APNIC spends $50k on time servers

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APNIC spends $50k on time servers

Help ISPs identify network faults.

The Asia Pacific Network Information Centre will invest $50,000 in test traffic measurement nodes to aid internet infrastructure provisioning across the region.

The nodes analyse connectivity between a test site and other parts of the internet by measuring latency, packet loss, traceroute, bandwidth and jitter.

The information is expected to help decide the locations of future root server deployments regionally.

But APNIC also hopes end users will be able to access the network directly in the future to test the stability of a link before establishing a high-bandwidth session, such as video streaming.

"We could certainly envisage with a lot of video chat sessions being able to check if it's worthwhile switching it on, if the connectivity [with the target country] is stable enough," APNIC chief scientist Geoff Huston told iTnews.

"At this stage we haven't got many sophisticated end user tools to do that. So far [the network has been] used more around infrastructure provisioning."

APNIC will provide seven of the Unix-based test traffic measurement (TTM) nodes to sites in Pakistan, Bangladesh, India, Indonesia, Taiwan, Philippines and Thailand.

A further five boxes will also be deployed in countries that are understood to include Pacific Islands and Laos.

Each node consists of a PC and a global positioning system antenna. The antenna receives time information from the GPS constellation, a common time reference for computer clocks globally.

Other reference sources include atomic clocks but these are typically expensive and out of the reach of hosts in developing countries, according to Huston.

Synchronisation between the reference time source and individual computer clocks is handled in this case by the network time protocol (NTP).

Under the NTP model, the proximity of any computer or server from the central time server is described on a scale of zero to 14. Each level is referred to as a stratum.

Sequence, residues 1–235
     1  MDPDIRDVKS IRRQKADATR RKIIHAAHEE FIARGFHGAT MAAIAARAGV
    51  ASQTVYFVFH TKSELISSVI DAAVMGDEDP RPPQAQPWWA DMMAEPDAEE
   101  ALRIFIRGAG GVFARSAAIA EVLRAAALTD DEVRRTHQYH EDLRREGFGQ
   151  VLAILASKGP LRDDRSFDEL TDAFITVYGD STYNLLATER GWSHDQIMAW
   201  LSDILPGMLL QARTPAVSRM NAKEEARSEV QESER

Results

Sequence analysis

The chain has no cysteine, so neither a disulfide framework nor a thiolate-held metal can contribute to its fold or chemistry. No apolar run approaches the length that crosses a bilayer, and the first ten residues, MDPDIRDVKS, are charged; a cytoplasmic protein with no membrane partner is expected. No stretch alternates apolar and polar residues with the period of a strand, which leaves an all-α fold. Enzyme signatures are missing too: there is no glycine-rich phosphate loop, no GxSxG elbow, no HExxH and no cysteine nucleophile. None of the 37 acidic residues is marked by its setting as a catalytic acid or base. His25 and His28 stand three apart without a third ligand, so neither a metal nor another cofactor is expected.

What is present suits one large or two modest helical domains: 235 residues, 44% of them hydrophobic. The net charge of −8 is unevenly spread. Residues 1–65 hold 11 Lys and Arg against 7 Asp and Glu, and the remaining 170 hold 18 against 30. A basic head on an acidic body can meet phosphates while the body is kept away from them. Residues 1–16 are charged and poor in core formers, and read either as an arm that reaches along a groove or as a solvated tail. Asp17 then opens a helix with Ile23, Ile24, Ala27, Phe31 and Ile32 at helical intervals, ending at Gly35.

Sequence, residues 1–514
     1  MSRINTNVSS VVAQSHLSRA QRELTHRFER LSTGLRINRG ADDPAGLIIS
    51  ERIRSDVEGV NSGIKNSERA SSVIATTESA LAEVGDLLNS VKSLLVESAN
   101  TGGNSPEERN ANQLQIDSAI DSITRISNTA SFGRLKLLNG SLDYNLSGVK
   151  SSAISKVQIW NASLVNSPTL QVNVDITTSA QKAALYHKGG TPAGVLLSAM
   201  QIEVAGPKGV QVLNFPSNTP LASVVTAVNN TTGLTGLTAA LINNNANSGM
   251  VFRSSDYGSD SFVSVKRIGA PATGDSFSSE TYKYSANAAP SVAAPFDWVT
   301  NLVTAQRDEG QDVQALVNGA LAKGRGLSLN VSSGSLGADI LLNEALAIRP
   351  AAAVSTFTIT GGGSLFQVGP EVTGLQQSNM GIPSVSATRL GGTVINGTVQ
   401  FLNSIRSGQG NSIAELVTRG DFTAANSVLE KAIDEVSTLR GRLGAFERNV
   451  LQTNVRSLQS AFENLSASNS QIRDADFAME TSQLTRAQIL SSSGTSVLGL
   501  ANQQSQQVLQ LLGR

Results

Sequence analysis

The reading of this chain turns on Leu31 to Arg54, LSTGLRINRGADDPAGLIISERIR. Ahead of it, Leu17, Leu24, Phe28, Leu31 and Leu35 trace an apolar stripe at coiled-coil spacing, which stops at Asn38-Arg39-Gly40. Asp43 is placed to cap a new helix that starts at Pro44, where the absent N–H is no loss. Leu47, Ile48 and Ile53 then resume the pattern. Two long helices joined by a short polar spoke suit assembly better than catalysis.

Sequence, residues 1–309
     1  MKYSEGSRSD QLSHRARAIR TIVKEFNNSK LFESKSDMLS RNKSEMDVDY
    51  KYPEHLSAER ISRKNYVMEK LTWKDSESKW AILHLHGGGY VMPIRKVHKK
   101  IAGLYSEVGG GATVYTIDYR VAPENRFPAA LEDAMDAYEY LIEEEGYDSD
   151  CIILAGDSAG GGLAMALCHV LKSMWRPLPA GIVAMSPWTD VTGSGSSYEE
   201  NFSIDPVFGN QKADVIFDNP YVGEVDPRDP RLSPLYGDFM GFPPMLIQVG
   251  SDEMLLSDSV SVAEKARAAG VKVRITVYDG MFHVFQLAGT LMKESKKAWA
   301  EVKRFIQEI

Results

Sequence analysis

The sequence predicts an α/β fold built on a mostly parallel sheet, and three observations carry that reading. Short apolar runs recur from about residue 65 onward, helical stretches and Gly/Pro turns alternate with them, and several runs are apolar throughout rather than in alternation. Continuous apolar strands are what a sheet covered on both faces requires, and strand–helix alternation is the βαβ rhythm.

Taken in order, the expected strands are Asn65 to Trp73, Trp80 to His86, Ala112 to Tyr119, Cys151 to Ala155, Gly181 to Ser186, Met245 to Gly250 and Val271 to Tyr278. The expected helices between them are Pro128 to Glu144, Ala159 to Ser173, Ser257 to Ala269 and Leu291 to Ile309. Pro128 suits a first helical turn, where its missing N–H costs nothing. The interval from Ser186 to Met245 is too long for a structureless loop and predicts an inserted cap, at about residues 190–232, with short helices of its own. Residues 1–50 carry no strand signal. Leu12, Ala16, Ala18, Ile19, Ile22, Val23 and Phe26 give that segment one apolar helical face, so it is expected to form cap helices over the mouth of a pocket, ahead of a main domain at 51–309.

A lower stratum indicates the server is closer to the time reference.

"The real issue is the development of a stratum-1 time service [regionally]," Huston said.

"Typically this involves expensive atomic clocks and frankly small countries can't afford them.

"This project utilises GPS to deliver a phenomenally stable clock signal and then this [TTM] box translates that to a stratum-1 time service. It's badly needed in developing locations and a damn fine service to have."

According to NTP.org, lack of synchronisation on the internet is a major issue because an end user switching between unsynchronised systems would notice time jumping "forward and backward".

"Isolated networks may run their own wrong time, but as soon as you connect to the internet, effects will be visible," NTP.org stated.

"Just imagine some email message arrived five minutes before it was sent, and there even was a reply two minutes before the message was sent."

APNIC director general Paul Wilson said in a statement that the TTM project "means that the Asia Pacific is better placed to monitor internet performance.

"TTM data allows ISPs to identify faults in their network, ensuring that network development and investment builds capacity where it is most needed," Wilson said.

"The data is global, so ISPs from other regions can also use it to improve connectivity into the Asia Pacific region, something I frequently hear is badly needed".

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